By Ain Bandial
BANDAR SERI BEGAWAN (Reuters) – A Southeast Asian summit started on Tuesday without military-ruled Myanmar, after its junta refused to send a representative following its leader’s exclusion for ignoring a peace roadmap agreed six months ago.
The Association of Southeast Asian Nations (ASEAN) had said it would accept a non-political representative from Myanmar, but the junta said on Monday it would only agree to its leader or a minister attending.
Myanmar’s absence was not mentioned by either Brunei, the ASEAN chair, or the 10-member bloc’s secretary-general, at the opening of the virtual meeting.
ASEAN decided to sideline from the summit junta chief Min Aung Hlaing, who led a Feb. 1 coup against an elected government, for his failure to cease hostilities, allow humanitarian access and start dialogue with opponents, as agreed with ASEAN in April.
After Tuesday’s leaders meeting, Malaysian Prime Minister Ismail Sabri Yaakob said on Twitter he fully supported Brunei’s decision on Myanmar’s representation, while Thai counterpart Prayuth Chan-ocha said ASEAN’s dealings with Myanmar were crucial for its reputation and a test of its resolve.
“ASEAN’s constructive role in addressing this situation is of paramount importance and our action on this matter shall have a bearing on ASEAN’s credibility in the eyes of the international community,” Prayuth said, according to his office.
The sidelining of Min Aung Hlaing was a huge insult to the junta and a rare, bold step by a regional grouping known for its code of non-interference and engagement.
Myanmar’s military, which ruled the country for 49 of the past 60 years, objected strongly, accusing ASEAN of departing from its norms and of allowing itself to be influenced by other countries, including the United States.
ASEAN made the call days after its special envoy Erywan Yusof said he would not be given access to all parties in the country, including ousted leader Aung San Suu Kyi, who is charged with multiple crimes.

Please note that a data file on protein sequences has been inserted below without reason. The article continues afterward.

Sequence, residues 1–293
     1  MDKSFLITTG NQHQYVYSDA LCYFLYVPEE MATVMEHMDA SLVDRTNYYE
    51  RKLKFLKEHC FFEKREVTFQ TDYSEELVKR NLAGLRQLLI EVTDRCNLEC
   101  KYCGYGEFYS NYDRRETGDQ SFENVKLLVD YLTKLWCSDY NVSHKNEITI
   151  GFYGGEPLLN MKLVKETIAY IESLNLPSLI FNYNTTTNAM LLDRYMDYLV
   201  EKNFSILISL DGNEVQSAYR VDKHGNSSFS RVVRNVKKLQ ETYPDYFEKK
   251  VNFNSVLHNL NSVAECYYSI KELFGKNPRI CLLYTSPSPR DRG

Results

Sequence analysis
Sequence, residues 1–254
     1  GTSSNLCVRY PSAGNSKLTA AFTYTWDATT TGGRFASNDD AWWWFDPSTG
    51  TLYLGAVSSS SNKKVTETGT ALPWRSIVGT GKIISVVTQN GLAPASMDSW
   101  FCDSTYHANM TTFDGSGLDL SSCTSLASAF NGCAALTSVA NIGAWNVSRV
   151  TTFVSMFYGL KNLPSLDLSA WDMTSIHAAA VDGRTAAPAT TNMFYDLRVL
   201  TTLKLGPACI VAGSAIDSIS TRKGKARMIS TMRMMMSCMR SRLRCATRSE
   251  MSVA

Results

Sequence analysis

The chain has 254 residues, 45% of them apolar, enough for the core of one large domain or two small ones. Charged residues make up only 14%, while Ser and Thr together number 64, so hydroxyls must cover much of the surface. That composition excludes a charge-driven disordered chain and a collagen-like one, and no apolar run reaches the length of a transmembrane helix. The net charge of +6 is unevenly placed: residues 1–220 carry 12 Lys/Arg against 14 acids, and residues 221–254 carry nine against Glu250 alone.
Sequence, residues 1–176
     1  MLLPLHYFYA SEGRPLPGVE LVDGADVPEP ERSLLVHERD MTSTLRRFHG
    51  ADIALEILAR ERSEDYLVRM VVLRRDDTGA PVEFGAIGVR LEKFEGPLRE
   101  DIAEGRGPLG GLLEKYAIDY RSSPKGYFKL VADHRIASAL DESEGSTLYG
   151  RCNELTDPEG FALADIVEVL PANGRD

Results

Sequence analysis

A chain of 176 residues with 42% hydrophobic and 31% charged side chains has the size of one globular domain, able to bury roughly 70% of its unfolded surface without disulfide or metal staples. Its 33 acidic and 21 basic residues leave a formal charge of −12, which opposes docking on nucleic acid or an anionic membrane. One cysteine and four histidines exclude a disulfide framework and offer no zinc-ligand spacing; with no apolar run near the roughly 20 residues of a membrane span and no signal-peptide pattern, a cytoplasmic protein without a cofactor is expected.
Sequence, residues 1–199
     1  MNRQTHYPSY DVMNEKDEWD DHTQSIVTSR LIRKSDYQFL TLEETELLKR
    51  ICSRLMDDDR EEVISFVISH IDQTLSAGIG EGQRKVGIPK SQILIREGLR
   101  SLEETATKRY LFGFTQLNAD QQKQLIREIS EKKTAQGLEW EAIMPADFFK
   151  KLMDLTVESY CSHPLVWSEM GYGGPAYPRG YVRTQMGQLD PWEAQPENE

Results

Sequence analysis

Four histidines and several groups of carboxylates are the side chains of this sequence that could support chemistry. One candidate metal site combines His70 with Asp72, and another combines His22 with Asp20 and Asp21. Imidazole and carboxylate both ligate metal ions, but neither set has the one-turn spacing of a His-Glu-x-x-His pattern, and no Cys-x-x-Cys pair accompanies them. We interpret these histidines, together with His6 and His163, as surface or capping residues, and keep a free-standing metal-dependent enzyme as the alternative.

Prayuth, a former coup leader in Thailand, urged Myanmar to follow its commitments and for Erywan to visit soon and make an “important first step in the process of confidence-building”.
Prayuth “expressed hope that Myanmar will trust ASEAN in helping Myanmar to achieve peace and harmony, as well as to return to the democratic process.”
Myanmar security forces have killed more than 1,000 civilians and detained thousands more, subjecting many to torture and beatings, according to United Nations envoys, who say the army’s excessive use of force has displaced tens of thousands of people.
Myanmar has rejected that as biased and exaggerated by unreliable sources and says the conflict is being stoked by “terrorists” allied with a shadow National Unity Government (NUG).
U.S. National Security Advisor Jake Sullivan met on Monday with representatives of the NUG, an alliance of pro-democracy groups, local militias and ethnic minority armies formed after the coup.
ASEAN leaders were due also to collectively meet leaders of the United States, China and South Korea.
U.S. President Joe Biden will attend a joint session of the ASEAN summit by video link.
Michael Vatikiotis, Asia Director of the Geneva-based Centre for Humanitarian Dialogue, said Myanmar’s junta “probably cares about being frozen out of the summit”, although it has a history of enduring international isolation.
“The question now is whether regional leaders will agree to engage with the parallel National Unity Government more formally, as the U.S. and EU has started to do,” he said.
(Reporting Ain Bandial in Bandar Seri Begawan; Additional reporting by Tom Allard, A. Ananthalakshmi in Kuala Lumpur, Panu Wongcha-um in Bangkok; Writing by Kay Johnson and Martin Petty; Editing by Simon Cameron-Moore)